Communicator (communicator) wrote,
Communicator
communicator

Identity

I went to see 'Identity', a film with John Cusack and Ray Liotta. It didn't get very good reviews, but I thought it was quite well done. It was an example of a particular and unusual genre, which I want to talk about a bit

I guessed the 'twist' of this film in the first minute, because the visual in the first scene mirrors the events of the whole film. That is, a psychologist is drawing a diagram of a person with multiple identities, and crossing out the little circles that represent the different personalities to express his hope that the number will be winnowed down by therapy. And the film, as you will have guessed from this, is an exteriorisation of the struggle for control between competing aspects of a fractured personality. Incidentally, I like books and films where the first scene prefigures the whole. Remember the first scene of Memento, where the film (in this scene only) is literally run backwards, with a Polaroid photo un-making itself.

The genre that I'm talking about, though, is the book or film where the events are a dramatisation of mental processes.

There are lots of problems with this. The theory of multiple personality disorder is probably quite problematic itself. And I can perfectly understand why people would think that a story which turns out to be an internal drama could be just as dreary and unsatisfying as a story where the protagonist wakes up and 'it is all a dream'. Nevertheless I like that kind of story. I couldn't say why.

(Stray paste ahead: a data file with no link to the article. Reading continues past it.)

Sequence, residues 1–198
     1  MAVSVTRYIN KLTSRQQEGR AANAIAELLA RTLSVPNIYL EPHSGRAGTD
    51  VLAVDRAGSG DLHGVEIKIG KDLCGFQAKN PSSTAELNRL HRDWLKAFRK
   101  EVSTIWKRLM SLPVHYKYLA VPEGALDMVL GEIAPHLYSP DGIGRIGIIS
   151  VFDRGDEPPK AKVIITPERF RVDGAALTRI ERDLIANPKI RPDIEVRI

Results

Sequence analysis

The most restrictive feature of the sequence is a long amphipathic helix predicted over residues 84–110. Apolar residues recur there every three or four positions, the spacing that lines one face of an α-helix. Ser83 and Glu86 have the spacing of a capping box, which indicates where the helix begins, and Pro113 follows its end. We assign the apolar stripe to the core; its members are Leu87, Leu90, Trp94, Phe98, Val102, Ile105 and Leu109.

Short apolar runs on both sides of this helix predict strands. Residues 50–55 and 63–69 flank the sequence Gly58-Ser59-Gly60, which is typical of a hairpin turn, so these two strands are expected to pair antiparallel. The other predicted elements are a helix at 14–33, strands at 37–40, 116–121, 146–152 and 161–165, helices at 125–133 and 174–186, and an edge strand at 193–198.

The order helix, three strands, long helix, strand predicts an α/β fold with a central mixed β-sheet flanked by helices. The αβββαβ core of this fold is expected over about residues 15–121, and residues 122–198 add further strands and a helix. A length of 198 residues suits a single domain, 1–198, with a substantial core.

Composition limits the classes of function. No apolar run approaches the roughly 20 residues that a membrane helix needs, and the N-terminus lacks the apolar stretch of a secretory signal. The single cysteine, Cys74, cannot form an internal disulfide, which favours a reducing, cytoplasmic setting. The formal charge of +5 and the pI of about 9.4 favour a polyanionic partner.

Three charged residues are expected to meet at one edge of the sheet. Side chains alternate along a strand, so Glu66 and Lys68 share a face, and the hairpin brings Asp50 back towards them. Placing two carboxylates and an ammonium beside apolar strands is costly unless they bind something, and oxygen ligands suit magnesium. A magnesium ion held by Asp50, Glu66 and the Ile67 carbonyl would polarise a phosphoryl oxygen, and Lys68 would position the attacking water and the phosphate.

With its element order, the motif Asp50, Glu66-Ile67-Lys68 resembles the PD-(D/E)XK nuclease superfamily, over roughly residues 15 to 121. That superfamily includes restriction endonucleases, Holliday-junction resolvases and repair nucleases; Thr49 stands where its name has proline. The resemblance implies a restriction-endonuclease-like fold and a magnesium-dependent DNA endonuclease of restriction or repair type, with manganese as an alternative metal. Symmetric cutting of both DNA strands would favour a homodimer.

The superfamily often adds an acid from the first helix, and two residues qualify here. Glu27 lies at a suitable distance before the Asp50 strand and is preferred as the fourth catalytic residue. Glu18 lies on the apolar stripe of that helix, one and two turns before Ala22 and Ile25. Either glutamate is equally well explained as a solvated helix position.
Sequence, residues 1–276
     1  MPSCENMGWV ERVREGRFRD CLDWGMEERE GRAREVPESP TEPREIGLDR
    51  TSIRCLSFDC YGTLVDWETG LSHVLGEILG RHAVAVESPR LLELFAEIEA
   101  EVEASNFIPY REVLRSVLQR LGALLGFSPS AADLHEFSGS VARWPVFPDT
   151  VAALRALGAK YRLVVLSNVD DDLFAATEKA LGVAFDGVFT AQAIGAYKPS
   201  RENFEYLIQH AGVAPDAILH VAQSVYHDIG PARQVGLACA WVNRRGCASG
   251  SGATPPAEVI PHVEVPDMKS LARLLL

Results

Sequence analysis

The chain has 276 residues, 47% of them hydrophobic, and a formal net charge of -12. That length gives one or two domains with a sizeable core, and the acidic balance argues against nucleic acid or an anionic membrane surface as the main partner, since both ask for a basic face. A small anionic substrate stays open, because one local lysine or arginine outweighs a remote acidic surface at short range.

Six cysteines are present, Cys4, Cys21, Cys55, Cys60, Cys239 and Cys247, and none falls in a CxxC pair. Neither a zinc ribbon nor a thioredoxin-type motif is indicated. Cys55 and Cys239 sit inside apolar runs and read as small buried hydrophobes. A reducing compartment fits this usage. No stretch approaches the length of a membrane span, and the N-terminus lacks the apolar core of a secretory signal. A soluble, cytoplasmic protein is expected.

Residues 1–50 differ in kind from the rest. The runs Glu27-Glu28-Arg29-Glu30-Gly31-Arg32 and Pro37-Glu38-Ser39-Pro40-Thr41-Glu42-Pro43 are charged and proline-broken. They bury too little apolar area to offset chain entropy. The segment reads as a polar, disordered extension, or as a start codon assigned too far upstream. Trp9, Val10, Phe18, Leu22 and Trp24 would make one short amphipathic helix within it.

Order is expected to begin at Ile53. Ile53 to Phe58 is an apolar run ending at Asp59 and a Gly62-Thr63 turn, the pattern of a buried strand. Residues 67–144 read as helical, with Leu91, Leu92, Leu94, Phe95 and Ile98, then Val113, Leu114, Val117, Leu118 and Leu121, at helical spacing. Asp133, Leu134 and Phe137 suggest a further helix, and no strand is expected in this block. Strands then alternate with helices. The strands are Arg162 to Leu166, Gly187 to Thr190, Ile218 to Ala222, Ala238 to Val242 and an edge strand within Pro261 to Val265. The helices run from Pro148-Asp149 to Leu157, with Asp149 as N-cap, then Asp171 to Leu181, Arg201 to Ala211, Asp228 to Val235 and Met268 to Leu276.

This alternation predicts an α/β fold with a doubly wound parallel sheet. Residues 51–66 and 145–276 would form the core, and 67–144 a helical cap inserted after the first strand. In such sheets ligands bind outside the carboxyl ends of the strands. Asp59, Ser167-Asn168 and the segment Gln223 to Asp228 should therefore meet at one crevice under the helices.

Here are some good examples. It's not a well populated genre.

Pincher Martin by Wiliam Golding
The Bridge by Iain M Banks
the film Jacob's Ladder

I read a short story by Ursula Le Guin (I think) which was a Star Trek spoof (almost fan fiction). Except all but one of the officers was female, and you come to realise that the writer was dramatising the internal conflict of a woman who has conceived an unplanned pregnancy. ('When we docked with the battle cruiser an alien life form became lodged in the shuttle bay' etc.) it's a funny story. They lock the science officer in the brig for the duration.

When she wrote this story (back in the late seventies I think) it was a fairly new idea. Nowadays I think many people would agree that Star Trek and other TV shows of 'that type' gain some of their audience-mesmerising power from the fact that they exteriorise internal processes by personifying character traits. That may also be why they tend to bland-out into resolution of conflict.

Final questions I ask myself - the degree to which all story-making is of this kind? The degree to which all our experience of the world is of this kind?
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